If you did well on your first-semester law school exams, congratulations. That’s fantastic, and you can feel justifiably proud. However, I’m here with some bad news — it may not be smooth sailing from here on out.
The problem with having done well is that there’s now intense pressure to keep doing well. And, if you’re like me, this added pressure might just lead to a second-semester meltdown!
First, the Good News
The benefit of receiving excellent first semester grades is pretty obvious — some doors that otherwise would have closed are still open to you. Your chances of getting a summer position at a law firm are higher (although still low, given the economy), you might be asked to be a teaching assistant or research assistant, which enables you to cultivate a mentor, and you probably have a decent shot at being on your school’s Law Review, which can be a useful credential.
Now the Bad News
It’s not all rainbows and unicorns, however. If you’re even the least bit neurotic, which you probably are if you’re a high-achieving law student, having done well isn’t going to make you permanently happy and pleased. Sure, there’s a momentary flash of “Cool, I got an A!” but that fades quickly. What shows up next can be more insidious.
For me, it was a sudden inability to force myself to go to class regularly.
(Partly I blame the coldest winter in NYC history for this, but that’s not much of an excuse when I lived a block from school.) One day I’d have a fever, the next day I’d “forget” to set my alarm, whatever. I just didn’t go.
After a few weeks of this, I started to think I might be depressed or something, and went to Student Health. They agreed I had some issues, and I started seeing a therapist to talk about why I was sabotaging my law school career, which was about to be over before it really got started. I’ll spare you the boring details, but the final conclusion was that I thought nothing I did was ever good enough. So, even though my first-semester grades were excellent, by any objective measure, they could have been better, and, even more importantly, I was pretty sure they were a fluke and I’d fail all my classes next time around. Self-fulfilling prophecy, anyone?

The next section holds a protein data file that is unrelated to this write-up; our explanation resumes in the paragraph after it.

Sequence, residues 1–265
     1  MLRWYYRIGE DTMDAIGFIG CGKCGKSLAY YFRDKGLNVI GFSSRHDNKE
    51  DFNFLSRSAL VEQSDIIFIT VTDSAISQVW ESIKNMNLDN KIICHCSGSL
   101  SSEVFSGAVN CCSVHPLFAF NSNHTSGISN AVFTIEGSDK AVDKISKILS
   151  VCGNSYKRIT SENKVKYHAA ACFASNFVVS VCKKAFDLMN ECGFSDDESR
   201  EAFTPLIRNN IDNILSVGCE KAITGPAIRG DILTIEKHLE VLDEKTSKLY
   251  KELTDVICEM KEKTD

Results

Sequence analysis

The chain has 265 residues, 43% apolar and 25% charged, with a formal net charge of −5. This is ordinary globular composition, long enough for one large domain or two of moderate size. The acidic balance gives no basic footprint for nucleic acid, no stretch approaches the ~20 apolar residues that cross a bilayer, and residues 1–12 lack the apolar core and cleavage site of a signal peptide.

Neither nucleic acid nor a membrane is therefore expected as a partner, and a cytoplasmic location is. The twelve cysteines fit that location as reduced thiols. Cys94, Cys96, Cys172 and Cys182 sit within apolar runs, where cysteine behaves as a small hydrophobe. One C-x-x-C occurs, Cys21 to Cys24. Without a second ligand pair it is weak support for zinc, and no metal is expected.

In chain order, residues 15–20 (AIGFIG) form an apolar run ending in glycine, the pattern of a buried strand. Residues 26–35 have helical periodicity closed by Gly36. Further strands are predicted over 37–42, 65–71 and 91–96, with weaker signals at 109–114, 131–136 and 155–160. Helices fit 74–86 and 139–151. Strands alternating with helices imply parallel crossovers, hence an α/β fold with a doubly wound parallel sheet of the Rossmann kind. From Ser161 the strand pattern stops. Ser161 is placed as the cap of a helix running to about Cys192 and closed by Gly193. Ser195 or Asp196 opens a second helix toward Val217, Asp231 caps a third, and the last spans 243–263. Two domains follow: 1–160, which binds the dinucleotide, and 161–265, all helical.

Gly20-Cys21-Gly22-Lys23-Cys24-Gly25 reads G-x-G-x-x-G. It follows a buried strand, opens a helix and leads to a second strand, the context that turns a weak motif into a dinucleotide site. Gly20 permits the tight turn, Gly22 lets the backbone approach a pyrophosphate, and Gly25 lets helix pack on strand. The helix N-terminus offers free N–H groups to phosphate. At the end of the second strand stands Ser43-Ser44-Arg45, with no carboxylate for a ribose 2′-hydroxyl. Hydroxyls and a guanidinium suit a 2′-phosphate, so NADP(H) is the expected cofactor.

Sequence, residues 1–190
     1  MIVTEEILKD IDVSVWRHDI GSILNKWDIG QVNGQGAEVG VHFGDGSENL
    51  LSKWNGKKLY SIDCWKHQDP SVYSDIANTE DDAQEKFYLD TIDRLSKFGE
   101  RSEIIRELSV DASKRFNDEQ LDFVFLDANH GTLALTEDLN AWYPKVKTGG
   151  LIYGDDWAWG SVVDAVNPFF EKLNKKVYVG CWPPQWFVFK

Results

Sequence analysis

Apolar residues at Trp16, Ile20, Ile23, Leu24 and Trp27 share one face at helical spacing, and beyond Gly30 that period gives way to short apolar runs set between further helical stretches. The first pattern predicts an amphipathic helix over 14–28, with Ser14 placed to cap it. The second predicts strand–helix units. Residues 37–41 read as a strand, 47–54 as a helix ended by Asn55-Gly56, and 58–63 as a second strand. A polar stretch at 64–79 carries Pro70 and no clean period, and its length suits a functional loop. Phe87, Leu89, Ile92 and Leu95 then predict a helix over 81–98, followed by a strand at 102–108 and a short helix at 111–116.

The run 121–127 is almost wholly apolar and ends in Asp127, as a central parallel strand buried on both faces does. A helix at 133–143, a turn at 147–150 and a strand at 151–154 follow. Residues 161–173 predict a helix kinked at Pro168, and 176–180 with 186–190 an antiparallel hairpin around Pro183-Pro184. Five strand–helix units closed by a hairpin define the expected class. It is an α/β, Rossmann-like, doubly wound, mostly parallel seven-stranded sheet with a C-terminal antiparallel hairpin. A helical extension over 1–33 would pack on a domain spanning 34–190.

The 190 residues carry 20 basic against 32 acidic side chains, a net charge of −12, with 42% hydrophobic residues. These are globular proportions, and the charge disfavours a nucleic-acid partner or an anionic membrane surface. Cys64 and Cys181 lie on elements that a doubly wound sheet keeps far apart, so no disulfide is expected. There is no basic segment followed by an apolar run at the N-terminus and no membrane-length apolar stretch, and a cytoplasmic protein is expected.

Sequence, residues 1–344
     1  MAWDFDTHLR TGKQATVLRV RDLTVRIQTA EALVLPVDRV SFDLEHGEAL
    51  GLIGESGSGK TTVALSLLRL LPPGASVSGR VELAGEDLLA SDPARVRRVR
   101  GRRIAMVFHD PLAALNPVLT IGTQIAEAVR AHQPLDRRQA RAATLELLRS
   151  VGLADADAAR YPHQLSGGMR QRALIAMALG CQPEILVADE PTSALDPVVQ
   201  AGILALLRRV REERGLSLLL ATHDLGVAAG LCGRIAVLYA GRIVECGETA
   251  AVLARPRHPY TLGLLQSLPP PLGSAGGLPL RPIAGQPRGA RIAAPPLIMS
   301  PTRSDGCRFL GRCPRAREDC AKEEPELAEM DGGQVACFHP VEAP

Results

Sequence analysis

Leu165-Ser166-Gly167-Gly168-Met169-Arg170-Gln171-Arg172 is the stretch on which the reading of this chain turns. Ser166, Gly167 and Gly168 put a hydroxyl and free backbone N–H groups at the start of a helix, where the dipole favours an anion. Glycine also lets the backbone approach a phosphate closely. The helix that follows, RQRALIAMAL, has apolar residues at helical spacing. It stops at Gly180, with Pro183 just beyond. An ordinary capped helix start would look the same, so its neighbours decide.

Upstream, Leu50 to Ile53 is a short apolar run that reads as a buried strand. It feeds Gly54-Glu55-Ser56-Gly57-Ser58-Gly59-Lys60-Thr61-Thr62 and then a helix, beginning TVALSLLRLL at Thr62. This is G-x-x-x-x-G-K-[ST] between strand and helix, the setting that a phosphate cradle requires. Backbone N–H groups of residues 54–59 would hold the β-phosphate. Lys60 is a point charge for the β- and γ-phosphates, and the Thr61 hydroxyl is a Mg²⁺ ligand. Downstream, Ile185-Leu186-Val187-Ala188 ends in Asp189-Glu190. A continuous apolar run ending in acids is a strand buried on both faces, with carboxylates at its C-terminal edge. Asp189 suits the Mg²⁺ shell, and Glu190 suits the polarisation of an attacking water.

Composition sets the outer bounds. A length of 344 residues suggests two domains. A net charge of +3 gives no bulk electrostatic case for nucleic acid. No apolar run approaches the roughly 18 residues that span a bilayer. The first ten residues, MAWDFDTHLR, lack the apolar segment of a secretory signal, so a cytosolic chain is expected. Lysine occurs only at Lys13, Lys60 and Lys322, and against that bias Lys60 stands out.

Anyway, to make a long story short, I eventually went back to class and did fine on my second-semester exams (although not as well as I’d done before), and the world kept on turning.
Having learned very little from this near-meltdown, in true over-achiever fashion I applied for Law Review, which I ended up hating, and took a summer firm job, which was great in a lot of ways, but prevented me from exploring career paths that might have ultimately been more rewarding.
The Bottom Line
Do I wish my first semester grades had been worse? It’s hard to say. In all honesty, I think it might have put me on a better course to be a happy lawyer. As it was, having top grades at a fancy law school made it very easy to slide into the path of least resistance — BigLaw. Once you’re on that path, it’s very hard to get off, and it’s not where I ever intended to be.
Hindsight being 20/20, a B+ or two first semester might not have been the worst thing!
Stay tuned for more posts on dealing with your grades (good, bad, and ugly). In the meantime, you might like:
- The First Truth of Law School: You Don’t Control Your Grades
- The Second Truth of Law School: You Are Not Your Grades
- Help! My First Semester Law School Grades Are Really Bad!
- Start Thinking About the Exam on the First Day of Class
Or check out Surviving Law School 101.
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